ANALYSIS discovered a huge amount of money raised in the smoke each year, and Aussie smokers throw a team of $ 14 billion for their habits.
Australian statistics, published last month, showed that 13.8 percent of people consider themselves to be daily smokers, which on average smoke half a pack of cigarettes.
Although the smoking rate has been decreasing over the last two decades, lately these cuts have slowed down.
An analysis by consumer comparison company finder.com.au showed that $ 14 billion is spent on cigarettes every year in the country.
Of the 2.8 million regular smokers, finder.com.au found that everyone spends more than $ 100 a week on average for a total average cost of $ 5237 per person individually per year.
"This is a terrible amount," said Angus Kidman, a health insurance expert.
"But this is also a conservative estimate. We calculated figures based on almost 14 percent of the Australians, who averaged about half a packet per day, and then looked at the cost of a package of 20 cheap cigarette brands at the bottom of the price scale."
ABS has found that the Northern Territory has the highest rate of daily smokers with about one out of every one, or 19.6%, that is inflamed.
However, Top End has seen the highest drop in the daily prevalence of smoking since 1995, compared with a staggering 35.6 percent.
The Australian metropolitan area has the lowest share of regular smokers with 10.6%. It also houses the largest number of people, almost 60%, who have never been illuminated.
"Nobody thinks smoking is good for them," said Mr Kidman.
"We have seen a general decline in smoking rates, but we are spending huge sums of money because cigarette prices are accelerating rapidly.
"It is a convenient way for governments to get more taxes and help finance smoking cessation and healthcare programs." There is no particular liking for smoking in the general public before smoking. "
But there are other financial hits for smokers that can not be immediately apparent, especially when it comes to life insurance premiums, said Mr Kidman.
Smokers pay at least twice their monthly insurance premiums – in some cases 270 percent more.
This is a similar increase in the cost of health insurance, said Mr. Kidman, and it does not matter how many cigarettes someone smokes.
"Although there are obviously different levels of smokers – some of them smoke a few packages a day, some just smoke in the social plan – but insurers do not make this distinction as a rule. You smoke in their eyes independently."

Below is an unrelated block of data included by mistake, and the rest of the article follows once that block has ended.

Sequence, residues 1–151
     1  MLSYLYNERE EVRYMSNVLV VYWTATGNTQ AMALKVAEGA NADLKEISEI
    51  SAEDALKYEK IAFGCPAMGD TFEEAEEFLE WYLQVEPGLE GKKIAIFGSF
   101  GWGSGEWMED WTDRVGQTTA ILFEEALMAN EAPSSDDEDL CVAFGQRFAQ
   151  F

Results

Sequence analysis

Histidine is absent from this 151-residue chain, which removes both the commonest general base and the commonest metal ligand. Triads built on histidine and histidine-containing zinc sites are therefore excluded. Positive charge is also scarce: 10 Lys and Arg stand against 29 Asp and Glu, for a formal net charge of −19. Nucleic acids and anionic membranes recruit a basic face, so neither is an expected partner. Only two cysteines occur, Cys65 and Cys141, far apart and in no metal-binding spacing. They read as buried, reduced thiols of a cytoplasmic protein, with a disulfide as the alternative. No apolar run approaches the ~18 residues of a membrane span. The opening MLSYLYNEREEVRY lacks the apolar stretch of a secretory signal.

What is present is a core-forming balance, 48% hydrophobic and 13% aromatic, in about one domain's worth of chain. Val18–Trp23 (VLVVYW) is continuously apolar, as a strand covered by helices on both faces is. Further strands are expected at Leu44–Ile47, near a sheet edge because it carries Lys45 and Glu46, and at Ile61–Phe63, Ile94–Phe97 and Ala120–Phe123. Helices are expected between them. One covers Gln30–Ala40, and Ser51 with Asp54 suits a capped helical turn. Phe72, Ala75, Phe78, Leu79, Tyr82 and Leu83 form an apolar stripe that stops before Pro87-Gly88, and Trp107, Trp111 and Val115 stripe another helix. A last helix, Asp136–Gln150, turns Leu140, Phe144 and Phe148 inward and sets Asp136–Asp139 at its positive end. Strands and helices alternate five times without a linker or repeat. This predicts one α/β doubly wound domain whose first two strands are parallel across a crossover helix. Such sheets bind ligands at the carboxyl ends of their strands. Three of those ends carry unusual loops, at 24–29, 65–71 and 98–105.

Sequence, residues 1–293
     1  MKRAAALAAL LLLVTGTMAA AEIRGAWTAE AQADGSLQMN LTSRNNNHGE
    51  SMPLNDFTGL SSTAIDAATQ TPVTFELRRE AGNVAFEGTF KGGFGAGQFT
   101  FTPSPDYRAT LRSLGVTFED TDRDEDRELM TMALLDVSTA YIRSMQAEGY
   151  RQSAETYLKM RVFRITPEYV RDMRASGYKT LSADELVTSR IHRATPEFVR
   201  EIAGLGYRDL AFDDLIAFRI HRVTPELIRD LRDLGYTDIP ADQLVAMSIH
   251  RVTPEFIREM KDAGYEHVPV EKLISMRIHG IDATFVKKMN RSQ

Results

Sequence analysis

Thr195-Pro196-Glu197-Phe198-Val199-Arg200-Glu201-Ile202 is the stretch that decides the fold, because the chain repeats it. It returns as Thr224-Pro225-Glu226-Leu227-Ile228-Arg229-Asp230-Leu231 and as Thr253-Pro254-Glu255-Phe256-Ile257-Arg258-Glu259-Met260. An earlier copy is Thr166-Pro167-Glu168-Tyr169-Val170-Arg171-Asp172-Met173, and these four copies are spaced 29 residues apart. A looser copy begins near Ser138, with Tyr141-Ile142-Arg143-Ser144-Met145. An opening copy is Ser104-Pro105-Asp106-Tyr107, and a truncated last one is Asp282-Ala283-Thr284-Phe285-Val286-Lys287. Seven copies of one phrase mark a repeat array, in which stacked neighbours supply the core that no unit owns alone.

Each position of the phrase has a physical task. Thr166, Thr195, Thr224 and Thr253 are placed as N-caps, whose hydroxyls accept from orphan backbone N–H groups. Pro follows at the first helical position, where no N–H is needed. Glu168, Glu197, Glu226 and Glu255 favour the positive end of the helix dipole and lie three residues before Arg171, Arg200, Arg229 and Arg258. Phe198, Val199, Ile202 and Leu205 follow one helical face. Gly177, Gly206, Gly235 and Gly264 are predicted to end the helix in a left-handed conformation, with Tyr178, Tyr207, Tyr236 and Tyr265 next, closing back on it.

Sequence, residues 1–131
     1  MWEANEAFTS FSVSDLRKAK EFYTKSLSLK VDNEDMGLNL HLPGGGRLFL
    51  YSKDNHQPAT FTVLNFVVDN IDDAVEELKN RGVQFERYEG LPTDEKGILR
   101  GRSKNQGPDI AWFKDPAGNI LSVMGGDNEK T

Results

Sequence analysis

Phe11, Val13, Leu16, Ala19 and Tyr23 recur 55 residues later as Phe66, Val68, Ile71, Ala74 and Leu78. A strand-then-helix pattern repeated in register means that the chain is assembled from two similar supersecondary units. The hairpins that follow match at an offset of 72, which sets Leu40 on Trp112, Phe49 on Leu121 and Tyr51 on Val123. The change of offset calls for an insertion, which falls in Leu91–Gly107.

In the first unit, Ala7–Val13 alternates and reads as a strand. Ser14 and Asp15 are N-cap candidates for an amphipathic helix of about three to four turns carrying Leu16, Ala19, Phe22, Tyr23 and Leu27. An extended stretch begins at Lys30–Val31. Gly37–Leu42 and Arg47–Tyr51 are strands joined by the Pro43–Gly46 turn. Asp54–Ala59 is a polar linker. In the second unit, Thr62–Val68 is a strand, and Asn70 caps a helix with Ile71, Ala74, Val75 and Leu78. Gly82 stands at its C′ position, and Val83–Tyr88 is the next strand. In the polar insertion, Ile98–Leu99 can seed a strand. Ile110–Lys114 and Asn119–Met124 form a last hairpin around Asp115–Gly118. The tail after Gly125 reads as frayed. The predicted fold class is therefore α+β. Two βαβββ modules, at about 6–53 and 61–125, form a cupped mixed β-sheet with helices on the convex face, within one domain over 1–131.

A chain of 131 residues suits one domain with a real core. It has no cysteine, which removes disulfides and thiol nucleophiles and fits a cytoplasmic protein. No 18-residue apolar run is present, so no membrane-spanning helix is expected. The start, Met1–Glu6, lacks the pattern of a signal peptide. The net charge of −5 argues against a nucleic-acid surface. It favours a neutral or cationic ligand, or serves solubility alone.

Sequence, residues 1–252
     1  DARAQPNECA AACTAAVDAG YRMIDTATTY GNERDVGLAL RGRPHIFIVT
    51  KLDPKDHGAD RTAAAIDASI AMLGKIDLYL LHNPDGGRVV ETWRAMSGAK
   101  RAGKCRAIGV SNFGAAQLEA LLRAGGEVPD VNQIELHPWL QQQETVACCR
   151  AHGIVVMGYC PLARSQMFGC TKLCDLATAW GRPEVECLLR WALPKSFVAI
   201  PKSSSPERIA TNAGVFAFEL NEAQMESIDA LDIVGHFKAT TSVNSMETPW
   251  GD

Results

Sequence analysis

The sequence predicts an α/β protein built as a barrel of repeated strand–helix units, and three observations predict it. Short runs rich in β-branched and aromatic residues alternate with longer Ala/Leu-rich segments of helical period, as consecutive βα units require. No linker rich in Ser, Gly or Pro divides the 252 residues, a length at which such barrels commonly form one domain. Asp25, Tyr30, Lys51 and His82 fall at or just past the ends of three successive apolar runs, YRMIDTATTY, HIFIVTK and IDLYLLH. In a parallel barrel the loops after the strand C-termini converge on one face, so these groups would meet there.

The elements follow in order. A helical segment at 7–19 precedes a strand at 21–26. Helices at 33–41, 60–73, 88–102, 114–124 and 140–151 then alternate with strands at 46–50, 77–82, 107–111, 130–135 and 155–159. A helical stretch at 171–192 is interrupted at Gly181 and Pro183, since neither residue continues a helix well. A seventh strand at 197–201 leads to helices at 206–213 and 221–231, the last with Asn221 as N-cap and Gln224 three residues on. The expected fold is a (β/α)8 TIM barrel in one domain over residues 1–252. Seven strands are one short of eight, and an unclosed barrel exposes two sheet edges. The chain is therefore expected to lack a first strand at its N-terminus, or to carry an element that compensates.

And those Australians who are tempted to put a tick on the "non-smoking" box in addition to life insurance may be a rough shock when their loved ones are claiming.
"You can not lie because they find out. If you die and it turns out that you are smoking, but said that you are not, the policy can be canceled and your family will not receive a payment," – said Mr. Kidman. .
Many people may not understand or forget that they have unintentionally lied about the illumination, said Mr Kidman.
"If you go back to smoking after sorting out your policy, you will be notified of changes in your circumstances. I think maybe people have forgotten or did not think about it."
An analysis of researchers from the University of Melbourne and the University of La Traba last year found that half of all global deaths in 2017 was due to only four risk factors – smoking, high blood glucose, high blood pressure, and high body mass index .
It is estimated that 7.1 million people died worldwide from smoking related illnesses in that 12-month period.
Electronic cigarettes advertised as a possible solution to smoking problems and a way to help people break their habit, but the American Heart Association discovered last year that 1.9 million Americans who used to have never smoked cigarettes.
It's unusual that 60% of regular users of electronic cigarettes were younger than 25 years old.
Similarly, the University of Curtin found that young Australians are more likely to act for pleasure than not to quit smoking.
"Many types of electronic nicotine delivery systems, such as electronic cigarettes, electronic cigars, electronic hookahs and electronic tubes, are now available in the community," said Dr. Curtis University Research Fellow Dr. Michel Yongnalis.
"At the community level, concerns were expressed that the widespread introduction of these products could stimulate smoking-related behavior."